Friday, May 04, 2007

Gonzalez & U.S. Attorney Firings

U.S. Attorney General, Alberto Gonzalez, has been catching hell for the fact of and his role in the firings of eight U.S. Attorneys. His critics seem to be both, those who say firing the attorneys for political reasons is immoral and illegal and those who feel Gonzalez repeatedly misrepresented his role in the firings.

I've heard countless news reports which reiterate the point that new Administrations regularly "clean house" and bring in their own people. The point being that U.S. Attorneys (and Attorneys General) serve at the pleasure of the President of these United States, so they can be fired at any time, for any reason. However, others say that this type of thing is typically (and properly) done at the beginning of a new administration - not halfway through the term- and that politics should not play a part in the decision to hire or fire U.S. Attorneys.

Huh?

To me, this seems like an artificial and somewhat useless distinction. Keep in-mind that I'm not an attorney and certainly am not as well-versed in governmental practices as some. Still, it seems to me that, if U.S. attorneys can be fired simply because "there's a new sheriff in town," (and especially if the new boss is from a different party) then politics are already a factor in the equation.

So, really, this comes down to Gonzalez's reportedly contradictory statements about the firings. But even then, I wonder about the point of Congressional Hearings on the subject. I mean, I like the idea of finding out what's what, but it seems that as long as President Bush continues to support him (as he's done throughout this controversy), Mr. Gonzalez will remain in the position of United States Attorney General, regardless.

So, really, I guess I'm saying that, while I find this whole Justice Department debacle distasteful (especially the lying), I don't really see what all the official fuss is about. If it's improper to fire U.S. Attorneys for political reasons at the halfway point, why isn't it improper to do so from the get-go?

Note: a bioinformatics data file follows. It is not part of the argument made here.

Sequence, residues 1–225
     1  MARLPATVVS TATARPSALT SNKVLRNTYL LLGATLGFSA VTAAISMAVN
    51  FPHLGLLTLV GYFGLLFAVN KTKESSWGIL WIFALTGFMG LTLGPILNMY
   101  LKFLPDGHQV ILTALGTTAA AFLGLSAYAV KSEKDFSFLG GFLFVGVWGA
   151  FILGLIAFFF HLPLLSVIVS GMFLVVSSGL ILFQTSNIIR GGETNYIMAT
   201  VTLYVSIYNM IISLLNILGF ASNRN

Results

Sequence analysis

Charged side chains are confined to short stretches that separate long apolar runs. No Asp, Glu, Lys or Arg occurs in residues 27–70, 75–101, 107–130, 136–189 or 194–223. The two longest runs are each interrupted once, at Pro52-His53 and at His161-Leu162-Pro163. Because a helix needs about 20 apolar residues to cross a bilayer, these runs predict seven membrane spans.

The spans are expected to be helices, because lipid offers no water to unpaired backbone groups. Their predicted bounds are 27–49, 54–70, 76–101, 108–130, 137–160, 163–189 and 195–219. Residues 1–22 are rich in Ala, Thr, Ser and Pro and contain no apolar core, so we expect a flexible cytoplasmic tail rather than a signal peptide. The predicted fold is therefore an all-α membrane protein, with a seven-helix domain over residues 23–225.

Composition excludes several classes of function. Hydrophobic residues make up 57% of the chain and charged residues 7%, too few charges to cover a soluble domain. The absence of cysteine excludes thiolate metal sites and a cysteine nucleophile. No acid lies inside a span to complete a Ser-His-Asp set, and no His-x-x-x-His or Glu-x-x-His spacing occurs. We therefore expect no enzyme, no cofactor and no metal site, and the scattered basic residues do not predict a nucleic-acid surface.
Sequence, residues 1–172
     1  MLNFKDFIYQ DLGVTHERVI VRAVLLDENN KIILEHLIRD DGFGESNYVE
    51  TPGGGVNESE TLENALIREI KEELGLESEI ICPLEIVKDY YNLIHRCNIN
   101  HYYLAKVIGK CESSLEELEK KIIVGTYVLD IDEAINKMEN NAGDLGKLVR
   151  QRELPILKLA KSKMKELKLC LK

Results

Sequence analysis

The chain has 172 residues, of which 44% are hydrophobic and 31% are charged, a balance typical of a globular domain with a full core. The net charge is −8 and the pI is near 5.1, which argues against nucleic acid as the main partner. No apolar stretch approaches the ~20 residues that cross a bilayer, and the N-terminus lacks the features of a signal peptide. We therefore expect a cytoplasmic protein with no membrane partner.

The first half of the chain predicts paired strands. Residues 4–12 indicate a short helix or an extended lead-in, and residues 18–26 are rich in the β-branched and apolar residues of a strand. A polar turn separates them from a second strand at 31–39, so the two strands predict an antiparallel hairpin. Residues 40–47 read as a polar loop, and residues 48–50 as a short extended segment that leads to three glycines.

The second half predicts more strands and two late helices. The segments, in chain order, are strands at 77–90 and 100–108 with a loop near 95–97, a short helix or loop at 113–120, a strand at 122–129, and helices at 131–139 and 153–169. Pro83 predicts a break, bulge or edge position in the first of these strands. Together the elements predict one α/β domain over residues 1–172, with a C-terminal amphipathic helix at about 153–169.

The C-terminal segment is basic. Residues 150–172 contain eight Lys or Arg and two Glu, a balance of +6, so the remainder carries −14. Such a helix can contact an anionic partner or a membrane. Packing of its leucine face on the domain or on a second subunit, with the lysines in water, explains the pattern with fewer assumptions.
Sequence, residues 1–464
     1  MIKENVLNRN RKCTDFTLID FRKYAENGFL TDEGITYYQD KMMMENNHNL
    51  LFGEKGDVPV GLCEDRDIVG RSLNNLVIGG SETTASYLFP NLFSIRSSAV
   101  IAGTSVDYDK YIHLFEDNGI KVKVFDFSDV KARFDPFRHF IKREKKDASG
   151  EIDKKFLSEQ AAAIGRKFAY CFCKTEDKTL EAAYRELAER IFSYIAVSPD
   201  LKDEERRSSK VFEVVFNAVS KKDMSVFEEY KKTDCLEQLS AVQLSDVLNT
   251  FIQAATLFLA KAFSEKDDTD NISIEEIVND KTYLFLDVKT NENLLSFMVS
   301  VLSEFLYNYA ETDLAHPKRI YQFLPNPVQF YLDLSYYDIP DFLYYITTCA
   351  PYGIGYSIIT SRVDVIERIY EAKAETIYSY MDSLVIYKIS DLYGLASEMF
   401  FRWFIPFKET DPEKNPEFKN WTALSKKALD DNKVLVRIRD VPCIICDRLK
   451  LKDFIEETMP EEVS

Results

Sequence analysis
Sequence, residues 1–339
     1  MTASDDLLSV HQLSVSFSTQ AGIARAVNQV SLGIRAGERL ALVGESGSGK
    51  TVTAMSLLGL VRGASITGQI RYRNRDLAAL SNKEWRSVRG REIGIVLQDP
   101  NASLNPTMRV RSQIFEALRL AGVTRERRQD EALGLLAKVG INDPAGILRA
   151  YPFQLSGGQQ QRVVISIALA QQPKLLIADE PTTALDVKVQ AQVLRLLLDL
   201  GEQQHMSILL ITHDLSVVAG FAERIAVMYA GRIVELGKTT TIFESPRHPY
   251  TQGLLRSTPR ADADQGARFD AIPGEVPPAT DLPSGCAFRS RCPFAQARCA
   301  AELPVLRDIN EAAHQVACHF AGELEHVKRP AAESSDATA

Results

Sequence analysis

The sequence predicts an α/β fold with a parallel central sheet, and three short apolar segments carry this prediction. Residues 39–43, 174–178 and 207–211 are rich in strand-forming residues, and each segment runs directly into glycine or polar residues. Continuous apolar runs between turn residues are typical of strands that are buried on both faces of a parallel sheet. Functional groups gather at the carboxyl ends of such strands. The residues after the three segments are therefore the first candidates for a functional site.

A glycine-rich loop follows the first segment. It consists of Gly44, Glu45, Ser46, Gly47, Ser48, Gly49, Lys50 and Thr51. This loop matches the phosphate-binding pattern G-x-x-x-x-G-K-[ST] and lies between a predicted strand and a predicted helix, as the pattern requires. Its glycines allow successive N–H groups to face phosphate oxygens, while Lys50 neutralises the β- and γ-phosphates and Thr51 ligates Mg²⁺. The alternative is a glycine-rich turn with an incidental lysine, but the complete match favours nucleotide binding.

As long as the latter is allowed, why get so incensed about the former?

8 comments:

B. Good said...

"......this type of thing is typically (and properly) done at the beginning of a new administration - not halfway through the term- and that politics should not play a part in the decision to hire or fire U.S. Attorneys."


This made NO sense at all (or "Huh?" as you so eloquently stated). A firing is a firing is a firing. No matter when it happens, as long as its based solely (or primarily) on the new Administration wanting "their" people on the team, it ain't right. And I wonder, what are these "proper" means of firing US Attorneys that the news reports are alluding to?

DJ Black Adam said...

The democrats are focusing on this stuff so that they don't have to focus on the real issues.

West said...

BG: The proper reasons supposedly have something to do with job performance - except when a new Administration steps in.

I guess they've got their creepy little traditions that they're not willing to part with, but they'll jump on you the rest.

DJBA: I keep hearing that sort of thing, but they seem to be addressing the war quite a bit. Seems pretty real, to me.

DJ Black Adam said...

@West:

Addressing it in the most political arse saving way, not startegically or in any way that is of consequence.

Mark my words West, US troops will be in Iraq for many years to come, Democrat or Repbulican congress or President, in the immortal words of Wesly Snipes: "This thing is BIGGER Than Nino Brown..."

West said...

If the Democrats don't want to be in Iraq and their constituencies (assuming there's a plural form) don't want it, the only reason to stay would be for strategic reasons.

So, if we stay for years, to come, that suggests that Democrats WOULD BE interested in strategy and consequence.

Assuming we're talking about a hypothetical situation in which the Democrats controlled everything (hence, it would be up to them).

James Burnett said...

Great post, West. And good question posed in the post. The whole policy - that the "new sheriff" can just fire at will - stinks. So why get outraged over whether he does it in the beginning, middle, or end?

Keith said...

I've yet to figure out why these terminations are such a big deal. If a boss in NY State can fire at will (and they do), then why can't the president? How many tax payer dollars are we wasting on this?

West said...

Good to see you, again, James. Thanks.

Keith, I think pressuring a U.S. Attorney to pursue more cases against a certain party, would result in an imbalanced system of justice. Firing one (or eight) for failing to give in to such pressure (or for other political reasons) is even worse.

I just don't understand why it's cool to fire a bunch of attorneys in the beginning, for what basically amount to political reasons... but not to do that in the middle.

So, I do object to any Justice Department firings that weren't truly about job performance - and, of course, the Attorney General lying about it all. It's just such a weird line to draw.